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LSO, Alsop, Barbican review - Bernstein 100 opens not with celebrations but existential angst | reviews, news & interviews

LSO, Alsop, Barbican review - Bernstein 100 opens not with celebrations but existential angst

LSO, Alsop, Barbican review - Bernstein 100 opens not with celebrations but existential angst

Birthday boy Bernstein doesn't quite emerge from Mahler's shadow in this anniversary concert

Marin Alsop: Bernstein's former protegée keeps sentimentalism at bay in her homage to the composer

Amen. The end – of a prayer, a service, even the Bible itself. But what, asks Leonard Bernstein’s Symphony No 3, Kaddish, if “Amen” is the beginning and not the end, the start of a conversation that hears the divine word and doesn’t say “So be it” and accept, but instead answers back?

The result is the composer’s least-performed symphony, a puzzling piece, torn between moods, even genres. As the centrepiece for the opening of the LSO’s Bernstein 100 celebrations it was problematic, but as the musical epilogue to a weekend marked by yet another American atrocity, to a year haunted by the same fears of nuclear war that first animated it back in the 1960s, it felt uncomfortably apt.

Marin Alsop, Bernstein’s protegée and former assistant, is the champion of this series, pathfinding her way through the composer’s repertoire to create a four-concert homage to the work of the LSO’s former President. Her love for this music is well-documented, but there’s nothing sentimental about her approach, which is all brisk, incisive clarity and efficiency. Without it (even with it, at times) Kaddish feels blowsy, overstuffed with ideas and musical identities – a hotchpotch of styles all represented better elsewhere in the composer’s output. Here you get the syncopated dances of the Chichester Psalms, there the uncomplicated, all-American melodies of Mass and West Side Story, the brutal dissonance of the First Symphony, even some 12-tone episodes.

Alsop’s vision was clear, and beautifully shaped by the musicians of the LSO

Add to this a spoken narration (delivered here by actress Claire Bloom), a soprano soloist (Laura Claycomb), some fiendishly tricky writing for chorus and a boys’ choir, and you have a bewildering amount packed into a mere 45-minutes of symphony. Alsop’s vision may have been clear, and beautifully shaped by the musicians of the LSO – strings luxuriating in the lovely melody of "Kaddish II", tuned percussion adding watery translucence to a texture blackened by sooty smudges of brass – but couldn’t quite bring the LSO Chorus, who struggled audibly with much of the music, along with them.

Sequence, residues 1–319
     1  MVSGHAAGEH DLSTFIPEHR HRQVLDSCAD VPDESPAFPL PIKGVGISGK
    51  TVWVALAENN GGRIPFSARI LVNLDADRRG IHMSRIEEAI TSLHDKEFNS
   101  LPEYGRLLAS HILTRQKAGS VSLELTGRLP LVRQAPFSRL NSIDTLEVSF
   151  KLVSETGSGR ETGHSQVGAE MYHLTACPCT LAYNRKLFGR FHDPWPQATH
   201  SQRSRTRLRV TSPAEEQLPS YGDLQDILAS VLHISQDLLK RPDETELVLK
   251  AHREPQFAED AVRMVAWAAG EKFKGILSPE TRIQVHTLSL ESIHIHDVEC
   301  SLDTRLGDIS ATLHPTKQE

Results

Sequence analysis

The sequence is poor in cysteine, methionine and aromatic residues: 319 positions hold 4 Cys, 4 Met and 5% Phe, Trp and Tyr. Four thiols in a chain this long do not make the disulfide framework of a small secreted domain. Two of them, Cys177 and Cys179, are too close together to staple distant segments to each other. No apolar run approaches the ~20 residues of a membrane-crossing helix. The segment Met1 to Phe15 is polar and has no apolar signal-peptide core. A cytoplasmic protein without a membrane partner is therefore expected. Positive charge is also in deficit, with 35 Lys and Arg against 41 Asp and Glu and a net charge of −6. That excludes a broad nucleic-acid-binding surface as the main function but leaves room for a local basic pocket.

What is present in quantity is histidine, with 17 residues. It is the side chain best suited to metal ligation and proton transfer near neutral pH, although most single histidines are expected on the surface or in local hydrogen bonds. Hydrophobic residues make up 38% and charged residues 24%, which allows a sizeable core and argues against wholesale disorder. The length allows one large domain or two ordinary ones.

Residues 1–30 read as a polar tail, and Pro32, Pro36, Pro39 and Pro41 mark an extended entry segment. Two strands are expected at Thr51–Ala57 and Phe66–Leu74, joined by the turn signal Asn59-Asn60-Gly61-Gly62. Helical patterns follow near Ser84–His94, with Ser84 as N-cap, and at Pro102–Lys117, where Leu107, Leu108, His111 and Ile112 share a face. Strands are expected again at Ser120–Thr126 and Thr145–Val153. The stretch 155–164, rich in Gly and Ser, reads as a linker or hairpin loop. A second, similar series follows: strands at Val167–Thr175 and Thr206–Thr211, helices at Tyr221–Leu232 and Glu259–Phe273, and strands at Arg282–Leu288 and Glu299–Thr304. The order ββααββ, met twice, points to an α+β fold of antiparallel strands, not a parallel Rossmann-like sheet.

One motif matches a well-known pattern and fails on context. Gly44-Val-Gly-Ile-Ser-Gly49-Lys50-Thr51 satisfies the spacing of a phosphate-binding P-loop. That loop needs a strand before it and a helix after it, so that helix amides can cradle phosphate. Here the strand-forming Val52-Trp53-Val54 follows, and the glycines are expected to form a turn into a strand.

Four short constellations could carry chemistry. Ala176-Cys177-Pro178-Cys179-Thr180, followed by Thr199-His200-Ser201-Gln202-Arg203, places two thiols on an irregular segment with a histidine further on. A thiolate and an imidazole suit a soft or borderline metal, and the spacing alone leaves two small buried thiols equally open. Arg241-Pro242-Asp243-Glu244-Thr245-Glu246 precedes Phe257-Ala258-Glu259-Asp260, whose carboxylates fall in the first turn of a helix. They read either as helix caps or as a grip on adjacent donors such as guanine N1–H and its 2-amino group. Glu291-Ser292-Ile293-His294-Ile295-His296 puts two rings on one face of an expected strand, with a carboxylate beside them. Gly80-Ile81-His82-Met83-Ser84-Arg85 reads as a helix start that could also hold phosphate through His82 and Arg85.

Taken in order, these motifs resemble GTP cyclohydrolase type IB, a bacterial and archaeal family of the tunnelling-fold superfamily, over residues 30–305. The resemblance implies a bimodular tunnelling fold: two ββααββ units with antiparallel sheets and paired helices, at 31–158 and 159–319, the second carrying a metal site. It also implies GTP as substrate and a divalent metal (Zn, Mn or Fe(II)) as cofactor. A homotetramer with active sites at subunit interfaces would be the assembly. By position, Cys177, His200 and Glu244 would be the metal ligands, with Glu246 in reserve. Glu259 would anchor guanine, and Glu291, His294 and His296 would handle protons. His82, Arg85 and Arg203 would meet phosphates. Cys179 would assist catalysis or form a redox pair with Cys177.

Bloom too, although she brought a wonderful querulousness and peevishness to her dialogue with the “angry, wrinkled old majesty” of a God, appeared uncertain, unfamiliar with the text, and her doubts seemed to communicate themselves to the musicians around her. Soprano Laura Claycomb failed to make much of a mark, and only the Tiffin Boys’ Choir, impeccably angelic and precise, really seemed at ease.

What a contrast both to the luminous, persuasive urgency of the opener – Bernstein’s Halil for flute and orchestra, with the LSO’s own Adam Walker as a wonderfully rhetorical, expressive soloist – and to the Adagio from Mahler’s Symphony No 10 that came after. Dense and conflicted, torn between two contrasting urges, the opening movement of Mahler’s incomplete, final symphony nevertheless finds a clarity to its argument that Kaddish does not.

The musical wrestling match between the ferocious nihilism of the brass (horrifyingly, atomically destructive here in their climactic shriek of a chord) and the softer urgings of strings and flute was vividly staged by Alsop and her players, the conflict growing out of a more exploratory opening than we heard this summer from Dausgaard and the BBC SSO at the Proms – its tenderness, hopefulness even, startled by the later glance into the abyss. Bernstein may have been the focus here, but this concert never quite saw him emerge from his beloved Mahler’s shadow.

The LSO’s own Adam Walker was a wonderfully rhetorical, expressive soloist

rating

Editor Rating: 
3
Average: 3 (1 vote)

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Comments

"Here you get the syncopated dances of the Chichester Psalms, there the uncomplicated, all-American melodies of Mass" - how can this be true, given that both works were written after Kaddish? Also it's unfortunate I think that this review gives the impression that 12-tone elements where added into Kaddish willy-nilly, as some sort of bolt-on. In fact, 12-tone music takes a clear role inside the symphony, symbolising a crisis of faith, which Bernstein contrasts with what he perceived as tonality's confirmation of faith. It's absolutely fair enough not to like Kaddish, but how unfair it is to misrepresent Bernstein's intentions.

Alexandra is comparing Kaddish with the other two works; she is not suggesting they influenced it.

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